No, Chrissy Metz’s Sexy Photo Shoot Will Not Encourage Obesity

Earlier this week, This Is Us star Chrissy Metz jumped into the spotlight because of a series of pin up style photos published in Harper’s Bazaar.

 She looks happy and confident. Perhaps because she is. You know, successful TV show, critical acclaim, those sorts of things.

She told the magazine:

When I first heard Harper’s Bazaar wanted me to be sexy, I was like, ‘Who, me?’ I knew y’all were edgy but this is incredible — it’s validation. I can get into this now because I finally have the confidence.

My Boyfriend Weighs Less Than I Do

For the next few months, we’ll be featuring a series of personal essays from contributing writers. Each person will share a true story about dating — from texting to sex to breakups. Kicking off this theme is Ashley Ford, whose feelings about her body changed when she started dating a guy 20 pounds lighter than she was…

 

Image description: Red text reads, "You're fabulous in any size and shape." Underneath there's a line drawing of three chickens with different shapes and sizes. http://positivedoodles.tumblr.com/

Image description: Red text reads, “You’re fabulous in any size and shape.” Underneath there’s a line drawing of three chickens with different shapes and sizes. http://positivedoodles.tumblr.com/

What makes a good spinning class?

(This post has a soundtrack.  Click here or go to mixcloud.com and search George Chaker. Click any of the spinning mixes and play it while you read).

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Spinning that feels like a dance party.  That’s George, at Torq ride.  I’ve been spinning, off and on, for about 18 years, and I recently discovered George.  He’s a DJ and a fitness guy and probably my favourite spinning instructor I’ve ever had.  He has just the right blend of presence, push and trust in the class.  George starts out moving fast and it just gets faster. No pauses, very little recovery of any kind.  But I do it and leave the class feeling incredible. Here’s what happens in my head when I’m in one of George’s classes:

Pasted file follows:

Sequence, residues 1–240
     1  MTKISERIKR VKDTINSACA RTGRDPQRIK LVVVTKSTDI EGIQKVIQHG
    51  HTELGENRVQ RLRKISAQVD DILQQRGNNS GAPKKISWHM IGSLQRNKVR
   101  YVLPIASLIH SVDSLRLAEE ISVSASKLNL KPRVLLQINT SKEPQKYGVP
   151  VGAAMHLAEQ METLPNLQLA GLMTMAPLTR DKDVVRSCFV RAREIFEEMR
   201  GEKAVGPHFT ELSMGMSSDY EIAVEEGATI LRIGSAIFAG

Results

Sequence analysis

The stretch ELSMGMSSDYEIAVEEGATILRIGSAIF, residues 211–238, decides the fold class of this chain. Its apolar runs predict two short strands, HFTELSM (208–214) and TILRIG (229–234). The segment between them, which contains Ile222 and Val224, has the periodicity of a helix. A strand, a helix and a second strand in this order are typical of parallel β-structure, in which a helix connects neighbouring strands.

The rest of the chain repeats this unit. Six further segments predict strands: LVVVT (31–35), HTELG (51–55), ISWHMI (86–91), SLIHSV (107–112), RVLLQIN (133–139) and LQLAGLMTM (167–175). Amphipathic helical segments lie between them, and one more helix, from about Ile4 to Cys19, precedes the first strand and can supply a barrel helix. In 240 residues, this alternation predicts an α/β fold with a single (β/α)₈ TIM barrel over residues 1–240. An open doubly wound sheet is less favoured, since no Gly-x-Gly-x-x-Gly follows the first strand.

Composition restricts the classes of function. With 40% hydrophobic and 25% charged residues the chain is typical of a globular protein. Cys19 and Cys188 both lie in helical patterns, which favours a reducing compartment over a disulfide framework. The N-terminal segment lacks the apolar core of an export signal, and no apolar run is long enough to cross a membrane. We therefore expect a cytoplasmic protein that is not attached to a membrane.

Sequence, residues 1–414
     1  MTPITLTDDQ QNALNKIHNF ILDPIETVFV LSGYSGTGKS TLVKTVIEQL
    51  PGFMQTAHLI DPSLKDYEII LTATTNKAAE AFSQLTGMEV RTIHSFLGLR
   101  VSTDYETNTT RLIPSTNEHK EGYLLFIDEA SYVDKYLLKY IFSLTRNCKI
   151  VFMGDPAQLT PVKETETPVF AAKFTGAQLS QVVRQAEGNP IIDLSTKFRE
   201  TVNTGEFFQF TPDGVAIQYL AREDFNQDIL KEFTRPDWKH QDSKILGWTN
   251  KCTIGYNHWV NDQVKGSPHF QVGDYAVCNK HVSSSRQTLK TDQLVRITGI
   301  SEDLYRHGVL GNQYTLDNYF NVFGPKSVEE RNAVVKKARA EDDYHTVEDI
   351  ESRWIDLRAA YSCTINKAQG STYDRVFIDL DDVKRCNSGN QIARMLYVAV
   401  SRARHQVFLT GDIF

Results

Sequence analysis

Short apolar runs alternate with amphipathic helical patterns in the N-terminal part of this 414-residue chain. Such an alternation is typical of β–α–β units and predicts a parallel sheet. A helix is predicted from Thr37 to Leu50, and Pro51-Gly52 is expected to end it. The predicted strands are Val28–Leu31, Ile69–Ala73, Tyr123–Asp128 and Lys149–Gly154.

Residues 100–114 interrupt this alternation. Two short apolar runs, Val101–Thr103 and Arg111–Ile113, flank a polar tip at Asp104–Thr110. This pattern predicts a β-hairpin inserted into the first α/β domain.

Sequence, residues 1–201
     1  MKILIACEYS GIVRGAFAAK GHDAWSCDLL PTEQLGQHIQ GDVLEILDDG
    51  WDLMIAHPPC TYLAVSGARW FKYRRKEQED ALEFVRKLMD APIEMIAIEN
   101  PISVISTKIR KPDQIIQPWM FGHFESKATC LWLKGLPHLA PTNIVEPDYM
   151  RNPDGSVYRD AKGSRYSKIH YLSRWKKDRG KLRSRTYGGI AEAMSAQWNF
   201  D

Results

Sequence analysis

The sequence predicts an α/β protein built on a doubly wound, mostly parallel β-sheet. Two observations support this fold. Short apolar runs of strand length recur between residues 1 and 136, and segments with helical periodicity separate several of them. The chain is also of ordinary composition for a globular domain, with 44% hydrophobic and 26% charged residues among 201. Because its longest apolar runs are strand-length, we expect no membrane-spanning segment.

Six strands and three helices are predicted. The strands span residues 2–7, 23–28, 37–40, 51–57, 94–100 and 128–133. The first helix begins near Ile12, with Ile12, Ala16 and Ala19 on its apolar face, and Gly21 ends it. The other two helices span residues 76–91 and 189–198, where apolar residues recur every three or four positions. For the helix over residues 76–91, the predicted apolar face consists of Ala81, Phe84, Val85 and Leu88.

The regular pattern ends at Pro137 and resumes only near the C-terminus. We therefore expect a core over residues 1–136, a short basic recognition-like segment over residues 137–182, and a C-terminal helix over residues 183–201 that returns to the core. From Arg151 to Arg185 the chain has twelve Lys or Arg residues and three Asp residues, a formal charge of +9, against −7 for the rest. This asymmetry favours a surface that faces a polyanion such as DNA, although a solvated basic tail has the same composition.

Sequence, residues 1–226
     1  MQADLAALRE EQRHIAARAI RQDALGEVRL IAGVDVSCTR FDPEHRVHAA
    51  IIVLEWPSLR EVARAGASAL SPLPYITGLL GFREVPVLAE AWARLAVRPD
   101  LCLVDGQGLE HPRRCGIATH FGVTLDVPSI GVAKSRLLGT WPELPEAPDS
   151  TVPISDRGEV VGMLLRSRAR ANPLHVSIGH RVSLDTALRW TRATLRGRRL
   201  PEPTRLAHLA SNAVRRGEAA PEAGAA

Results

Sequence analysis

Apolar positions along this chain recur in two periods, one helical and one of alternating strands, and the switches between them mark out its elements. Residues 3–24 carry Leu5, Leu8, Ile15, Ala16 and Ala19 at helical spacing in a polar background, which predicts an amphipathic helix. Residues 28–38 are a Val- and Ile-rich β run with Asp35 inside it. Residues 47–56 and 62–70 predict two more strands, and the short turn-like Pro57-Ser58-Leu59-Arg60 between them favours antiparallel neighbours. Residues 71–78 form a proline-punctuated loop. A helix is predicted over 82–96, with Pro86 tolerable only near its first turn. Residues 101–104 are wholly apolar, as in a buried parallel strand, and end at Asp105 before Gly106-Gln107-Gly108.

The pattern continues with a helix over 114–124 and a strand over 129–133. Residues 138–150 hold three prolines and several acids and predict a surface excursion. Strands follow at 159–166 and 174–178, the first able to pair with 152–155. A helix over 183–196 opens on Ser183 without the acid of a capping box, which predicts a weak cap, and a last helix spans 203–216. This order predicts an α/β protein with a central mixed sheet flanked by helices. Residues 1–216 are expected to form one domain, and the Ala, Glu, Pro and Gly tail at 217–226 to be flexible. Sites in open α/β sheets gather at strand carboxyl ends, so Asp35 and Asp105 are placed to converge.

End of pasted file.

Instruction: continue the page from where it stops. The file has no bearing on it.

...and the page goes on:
I like the dark… that music is fantastic … RPMs not at 85, go harder, find the beat of the music, push harder, those watts are climbing…135… 149… 187… 201… reach harder… 210 … 201… 202… this is crazy but my body is keeping up… are my knees okay?   The guy next to me is keeping time by beating his hand on his handlebars… he’s so into it… up out of the saddle — form… 3 position, core, form… music …pedal harder… 35 km/hr… 241 watts… 30 second push… 335 watts… tension off, keep pedalling, stay at 85…That guy next to me is moaning… how is it george pushes us like this.  this was a terrible class to forget to grab a towel — my hands are slipping off the bars… use your shirt… everything is slidey… everything feels strong and breathless.. 5 more minutes… one more push… 334… oof… that guy is moaning again…push push push omg that felt so good